How often do you find yourself thinking about bone health?
In all honesty, probably not very often.
Yet the truth is that bones need care and attention like any other parts of our bodies – especially so, since the way we care for them affects our chances of developing a condition called osteoporosis.
Osteoporosis is where the bones become fragile and more vulnerable to fractures. It affects more than three million people in the UK, many of them over the age of 50.
But age isn’t the only risk factor when it comes to osteoporosis. Studies show that inactive people have a greater risk of developing the condition than people who exercise, for example.
Why? Because the way we treat our bones impacts their internal structure. It actually increases, or decreases, the quality and density of bones – which is especially true in the crucial teenage years of growth and development, but relevant to everyone as they get older, too.
So looking after the future health of your bones is important! Here are five ways to do just that…
One of the great myths about bones is that they are static. They aren’t. Your bones are constantly remodelling themselves in response to things that happen in and around the body. Research shows that when we apply weight-bearing ‘stress’ to our bones, they respond by stimulating bone-building osteoblasts. (Conversely when we don’t put them under stress, they lose strength – which is why astronauts can lose bone mass during their time in space). The key point: higher impact activities, when properly done, can promote strong bones – from running on the track to weight training.
It won’t surprise you to hear that food affects your bones. Bones actually contain several different components (blood vessels, marrow, hard cortical bone and spongy cancellous bone…), but the key building block behind them is calcium. Adults need around 700mg of calcium every day, and most of us can get that simply by eating a balanced diet. The NHS recommends things like green, leafy vegetables and fish. Click here for a comprehensive list.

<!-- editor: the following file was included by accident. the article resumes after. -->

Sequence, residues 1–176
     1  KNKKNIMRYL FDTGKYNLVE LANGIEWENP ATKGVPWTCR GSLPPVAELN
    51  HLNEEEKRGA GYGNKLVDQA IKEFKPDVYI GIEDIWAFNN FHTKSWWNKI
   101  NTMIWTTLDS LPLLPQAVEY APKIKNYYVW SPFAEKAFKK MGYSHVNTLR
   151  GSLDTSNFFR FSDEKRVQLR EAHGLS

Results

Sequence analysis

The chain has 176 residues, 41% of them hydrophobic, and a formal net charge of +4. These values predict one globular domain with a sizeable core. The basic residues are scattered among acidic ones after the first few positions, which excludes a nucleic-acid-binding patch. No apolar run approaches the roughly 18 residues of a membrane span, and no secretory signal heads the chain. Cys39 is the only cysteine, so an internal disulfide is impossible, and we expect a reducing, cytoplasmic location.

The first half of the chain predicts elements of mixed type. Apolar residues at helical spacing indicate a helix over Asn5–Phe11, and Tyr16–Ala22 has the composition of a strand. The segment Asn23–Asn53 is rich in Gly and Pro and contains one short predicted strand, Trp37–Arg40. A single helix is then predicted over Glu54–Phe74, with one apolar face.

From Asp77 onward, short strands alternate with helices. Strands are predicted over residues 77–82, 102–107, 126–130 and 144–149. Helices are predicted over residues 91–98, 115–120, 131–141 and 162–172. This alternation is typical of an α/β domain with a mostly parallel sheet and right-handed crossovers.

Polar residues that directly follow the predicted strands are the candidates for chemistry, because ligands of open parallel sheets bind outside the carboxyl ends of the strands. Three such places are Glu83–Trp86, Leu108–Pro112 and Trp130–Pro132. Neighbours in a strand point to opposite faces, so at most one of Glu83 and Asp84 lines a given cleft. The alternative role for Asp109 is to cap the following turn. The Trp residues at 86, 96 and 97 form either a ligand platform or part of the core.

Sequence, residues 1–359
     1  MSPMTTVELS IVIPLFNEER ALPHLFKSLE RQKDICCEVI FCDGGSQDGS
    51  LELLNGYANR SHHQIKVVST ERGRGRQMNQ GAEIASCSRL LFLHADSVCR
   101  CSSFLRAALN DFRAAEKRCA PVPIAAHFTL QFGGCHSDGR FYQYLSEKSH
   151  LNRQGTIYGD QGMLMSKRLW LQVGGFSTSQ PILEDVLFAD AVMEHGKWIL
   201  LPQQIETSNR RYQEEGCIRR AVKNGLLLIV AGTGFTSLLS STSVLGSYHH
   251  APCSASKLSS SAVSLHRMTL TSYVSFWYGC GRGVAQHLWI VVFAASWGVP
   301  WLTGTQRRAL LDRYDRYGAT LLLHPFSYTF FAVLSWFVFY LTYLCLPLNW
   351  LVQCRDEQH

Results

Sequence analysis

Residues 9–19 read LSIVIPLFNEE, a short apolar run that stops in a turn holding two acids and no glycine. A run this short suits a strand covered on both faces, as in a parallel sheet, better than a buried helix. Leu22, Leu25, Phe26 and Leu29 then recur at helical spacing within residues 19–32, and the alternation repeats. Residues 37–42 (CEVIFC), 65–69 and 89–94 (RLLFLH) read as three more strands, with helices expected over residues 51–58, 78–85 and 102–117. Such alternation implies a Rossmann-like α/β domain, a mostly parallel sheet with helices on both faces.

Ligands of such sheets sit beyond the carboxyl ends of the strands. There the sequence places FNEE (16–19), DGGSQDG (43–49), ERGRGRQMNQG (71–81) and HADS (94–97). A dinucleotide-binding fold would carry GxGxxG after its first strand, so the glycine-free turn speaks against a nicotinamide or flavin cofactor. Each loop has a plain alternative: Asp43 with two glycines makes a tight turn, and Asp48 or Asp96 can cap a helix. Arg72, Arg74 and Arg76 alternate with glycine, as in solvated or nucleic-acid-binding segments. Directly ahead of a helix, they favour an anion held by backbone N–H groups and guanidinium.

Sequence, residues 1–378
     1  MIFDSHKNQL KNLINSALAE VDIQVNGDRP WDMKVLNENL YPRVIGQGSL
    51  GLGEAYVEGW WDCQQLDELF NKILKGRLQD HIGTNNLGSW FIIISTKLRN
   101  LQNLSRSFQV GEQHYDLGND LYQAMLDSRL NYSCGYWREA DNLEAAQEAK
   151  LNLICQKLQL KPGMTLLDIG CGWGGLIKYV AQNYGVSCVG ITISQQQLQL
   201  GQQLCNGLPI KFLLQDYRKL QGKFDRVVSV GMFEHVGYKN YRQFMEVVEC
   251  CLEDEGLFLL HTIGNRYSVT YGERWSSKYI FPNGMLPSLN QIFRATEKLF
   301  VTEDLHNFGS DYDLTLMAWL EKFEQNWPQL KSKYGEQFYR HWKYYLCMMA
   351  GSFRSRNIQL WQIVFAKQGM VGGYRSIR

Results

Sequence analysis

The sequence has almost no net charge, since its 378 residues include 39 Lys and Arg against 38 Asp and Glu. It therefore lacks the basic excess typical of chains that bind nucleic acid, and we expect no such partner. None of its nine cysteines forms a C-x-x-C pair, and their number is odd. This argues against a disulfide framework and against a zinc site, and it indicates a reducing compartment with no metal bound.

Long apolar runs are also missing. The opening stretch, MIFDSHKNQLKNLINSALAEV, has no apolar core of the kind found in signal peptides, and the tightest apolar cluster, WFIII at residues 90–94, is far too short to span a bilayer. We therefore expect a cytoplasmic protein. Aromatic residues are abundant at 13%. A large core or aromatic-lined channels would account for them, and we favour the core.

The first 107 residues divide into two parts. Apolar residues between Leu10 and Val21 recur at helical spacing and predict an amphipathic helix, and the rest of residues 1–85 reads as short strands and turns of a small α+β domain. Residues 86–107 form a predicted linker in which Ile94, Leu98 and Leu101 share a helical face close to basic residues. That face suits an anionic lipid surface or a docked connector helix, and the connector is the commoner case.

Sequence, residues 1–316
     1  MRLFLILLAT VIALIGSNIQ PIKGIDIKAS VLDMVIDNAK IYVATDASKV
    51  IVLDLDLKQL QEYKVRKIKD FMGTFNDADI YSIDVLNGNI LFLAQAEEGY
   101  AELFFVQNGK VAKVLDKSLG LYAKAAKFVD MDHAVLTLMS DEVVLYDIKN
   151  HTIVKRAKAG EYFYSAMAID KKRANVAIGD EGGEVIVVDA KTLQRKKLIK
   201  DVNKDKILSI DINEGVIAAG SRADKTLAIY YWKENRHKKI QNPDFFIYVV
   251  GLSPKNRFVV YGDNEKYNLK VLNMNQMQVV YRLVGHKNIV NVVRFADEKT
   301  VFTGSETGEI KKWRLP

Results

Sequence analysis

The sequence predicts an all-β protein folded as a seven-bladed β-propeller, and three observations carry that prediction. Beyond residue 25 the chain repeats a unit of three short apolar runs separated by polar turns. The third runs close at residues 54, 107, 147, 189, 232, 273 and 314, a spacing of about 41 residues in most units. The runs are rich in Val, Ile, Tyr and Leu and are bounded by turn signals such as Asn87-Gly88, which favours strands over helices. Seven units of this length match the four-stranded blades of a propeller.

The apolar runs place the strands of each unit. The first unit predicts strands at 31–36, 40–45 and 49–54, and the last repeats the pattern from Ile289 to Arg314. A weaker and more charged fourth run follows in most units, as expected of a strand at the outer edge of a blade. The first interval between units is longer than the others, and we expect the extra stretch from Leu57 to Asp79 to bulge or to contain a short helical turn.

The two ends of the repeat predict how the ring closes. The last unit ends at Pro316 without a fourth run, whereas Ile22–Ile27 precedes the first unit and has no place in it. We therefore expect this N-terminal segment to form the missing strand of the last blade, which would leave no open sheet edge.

Studies show that reduced exposure to sunlight increases the risk of bone problems. Why? Because sunlight enables our bodies to create vitamin D, and vitamin D allows our bodies to absorb calcium. Lose vitamin D and we run the risk of developing conditions like osteomalacia, where the bones become soft through poor mineralisation. That’s why it’s so important to get out into the fresh air – particularly if life, work or inactivity keeps you inside for large parts of the day.
Cut bad habits
Bad habits? Step forward cigarettes and alcohol… Heavy drinking stops the pancreas from absorbing calcium and vitamin D; it also appears to poison osteoblasts. Smoking, meanwhile, causes a panoply of health problems, including reduced blood supply to the bones. (The National Centre For Smoking Cessation and Training estimates that smokers have a 25% increase in fracture risk). The good news, though, is that many of these effects are thought to be reversible. Cut drink and smoke and your bones will thank you for it.
As we get older, we need to pay careful attention to our bones. A wrist, hip or spine fracture in someone over 50, for instance, is a potential red flag for osteoporosis. So these days there is a move towards early detection: if you’re 50+ and you come into the clinic with a fractured wrist, we may recommend a simple x-ray (with a DEXA scan) to look for osteoporosis. Early diagnosis helps avoid future problems, by focusing on diet and being on the look-out for fragility fractures.
Worried about fractures, or the general health of your bones? We are always happy to meet and discuss your concerns. Click here to book an appointment.